Page 97 - Jewish Book Annual Volume 36

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8 9
nineteenth century, especially from the research of Edward
Robinson. The Jerusalem school of ASOR was founded in 1900.
ASOR has additional outlets for its publications in the form
of its
Annual Series
and the newly-established
Monograph Series,
available through the present ASOR office at
126 Inman St., Cambridge, Mass. 02139.
The other major American institution which has a facility
in Jerusalem and funds excavations and publications is the
Hebrew Union College’s Nelson Glueck School of Biblical
Archaeology. I t publishes a
Newsle tter,
and with its
Te l l Gezer
Publication Series
has launched an ambitious program of
scholarly publication in the field of Palestinian archaeology.
Volumes I and II have already appeared under the general
editorship of William G. Dever, and numerous other volumes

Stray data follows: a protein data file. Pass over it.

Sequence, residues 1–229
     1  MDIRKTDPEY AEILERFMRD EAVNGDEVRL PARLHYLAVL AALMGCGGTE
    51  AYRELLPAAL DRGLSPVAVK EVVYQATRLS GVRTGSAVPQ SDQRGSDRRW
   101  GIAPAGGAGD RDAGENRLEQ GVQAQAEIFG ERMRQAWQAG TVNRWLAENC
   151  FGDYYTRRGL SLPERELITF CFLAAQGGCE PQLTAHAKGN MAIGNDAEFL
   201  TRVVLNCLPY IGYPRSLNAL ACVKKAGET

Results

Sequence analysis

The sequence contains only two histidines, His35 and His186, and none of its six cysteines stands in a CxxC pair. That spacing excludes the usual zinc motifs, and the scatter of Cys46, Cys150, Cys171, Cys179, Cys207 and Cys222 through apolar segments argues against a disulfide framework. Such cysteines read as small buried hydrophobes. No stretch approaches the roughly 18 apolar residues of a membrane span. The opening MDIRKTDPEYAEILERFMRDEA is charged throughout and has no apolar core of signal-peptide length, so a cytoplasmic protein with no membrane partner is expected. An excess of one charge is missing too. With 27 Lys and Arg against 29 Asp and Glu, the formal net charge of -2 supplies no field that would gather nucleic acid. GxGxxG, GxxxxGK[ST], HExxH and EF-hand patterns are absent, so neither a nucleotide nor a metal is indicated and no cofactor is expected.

are in an advanced state of preparation. A major monograph
outlining the field methods employed in this project is scheduled
to appear in late spring 1978. All these volumes are available
through Hebrew Union College, New York City.
The significance of the Gezer Project cannot be overstated,
as its influence in American archaeological circles has been
dominant. From its staff ranks have emerged the directors and
senior staff of virtually every ASOR-related excavation, espe-
daily Tell el-Hesi, Khirbet Shema‘, Meiron, Gush Halav,
and Tell Halif (Lahav), the latter emanating jointly from He-
brew Union College and
The other major excavation
project of the Americans, Caesarea Maritima, traces its lineage
to the Shechem Project of the 1950’s.
I wish tha t I could report that the results of all these projects
have been published. Of the more recent projects, besides Gezer,
only the Khirbet Shema‘ publication has seen the light of day
and appeared as
Annual #42 ,
Ancient Synagogue Ex-
cavations at Khirbe t Shema‘,
by E. M. Meyers, A. T. Kraabel
and J. F. Strange
et al,
Durham, N. C., 1976. Earlier projects
recently to have appeared in final publication include
Discoveries in the Wadi ed-Daliyeh
by P. and N. Lapp,
et al,
Annual # 4 1 Cambridge, 1974; and Volume I of the
Tell Ai (Et־Tell) Excavations,
The Early Bronze Age,
by J. A.